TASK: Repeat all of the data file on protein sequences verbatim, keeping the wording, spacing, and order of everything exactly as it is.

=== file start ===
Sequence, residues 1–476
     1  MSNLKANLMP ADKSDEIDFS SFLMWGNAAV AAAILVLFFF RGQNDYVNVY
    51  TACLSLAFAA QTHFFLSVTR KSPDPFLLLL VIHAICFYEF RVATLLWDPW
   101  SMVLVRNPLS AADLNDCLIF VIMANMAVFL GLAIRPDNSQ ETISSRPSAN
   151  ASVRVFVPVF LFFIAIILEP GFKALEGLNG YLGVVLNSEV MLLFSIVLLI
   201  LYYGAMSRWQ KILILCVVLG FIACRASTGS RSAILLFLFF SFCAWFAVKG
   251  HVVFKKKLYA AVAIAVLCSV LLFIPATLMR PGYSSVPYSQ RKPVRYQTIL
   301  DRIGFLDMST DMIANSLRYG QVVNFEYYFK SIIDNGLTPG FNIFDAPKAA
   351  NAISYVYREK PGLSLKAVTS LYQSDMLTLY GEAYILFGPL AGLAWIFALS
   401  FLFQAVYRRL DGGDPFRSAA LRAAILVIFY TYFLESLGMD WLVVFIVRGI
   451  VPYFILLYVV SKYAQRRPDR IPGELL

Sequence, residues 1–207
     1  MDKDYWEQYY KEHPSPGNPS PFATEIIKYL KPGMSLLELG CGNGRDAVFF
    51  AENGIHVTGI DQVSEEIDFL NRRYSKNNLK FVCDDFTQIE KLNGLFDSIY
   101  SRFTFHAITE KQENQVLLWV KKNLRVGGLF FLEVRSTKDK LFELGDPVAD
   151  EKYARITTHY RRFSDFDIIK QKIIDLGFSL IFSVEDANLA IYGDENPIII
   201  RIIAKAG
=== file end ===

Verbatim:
Sequence, residues 1–476
     1  MSNLKANLMP ADKSDEIDFS SFLMWGNAAV AAAILVLFFF RGQNDYVNVY
    51  TACLSLAFAA QTHFFLSVTR KSPDPFLLLL VIHAICFYEF RVATLLWDPW
   101  SMVLVRNPLS AADLNDCLIF VIMANMAVFL GLAIRPDNSQ ETISSRPSAN
   151  ASVRVFVPVF LFFIAIILEP GFKALEGLNG YLGVVLNSEV MLLFSIVLLI
   201  LYYGAMSRWQ KILILCVVLG FIACRASTGS RSAILLFLFF SFCAWFAVKG
   251  HVVFKKKLYA AVAIAVLCSV LLFIPATLMR PGYSSVPYSQ RKPVRYQTIL
   301  DRIGFLDMST DMIANSLRYG QVVNFEYYFK SIIDNGLTPG FNIFDAPKAA
   351  NAISYVYREK PGLSLKAVTS LYQSDMLTLY GEAYILFGPL AGLAWIFALS
   401  FLFQAVYRRL DGGDPFRSAA LRAAILVIFY TYFLESLGMD WLVVFIVRGI
   451  VPYFILLYVV SKYAQRRPDR IPGELL

Sequence, residues 1–207
     1  MDKDYWEQYY KEHPSPGNPS PFATEIIKYL KPGMSLLELG CGNGRDAVFF
    51  AENGIHVTGI DQVSEEIDFL NRRYSKNNLK FVCDDFTQIE KLNGLFDSIY
   101  SRFTFHAITE KQENQVLLWV KKNLRVGGLF FLEVRSTKDK LFELGDPVAD
   151  EKYARITTHY RRFSDFDIIK QKIIDLGFSL IFSVEDANLA IYGDENPIII
   201  RIIAKAG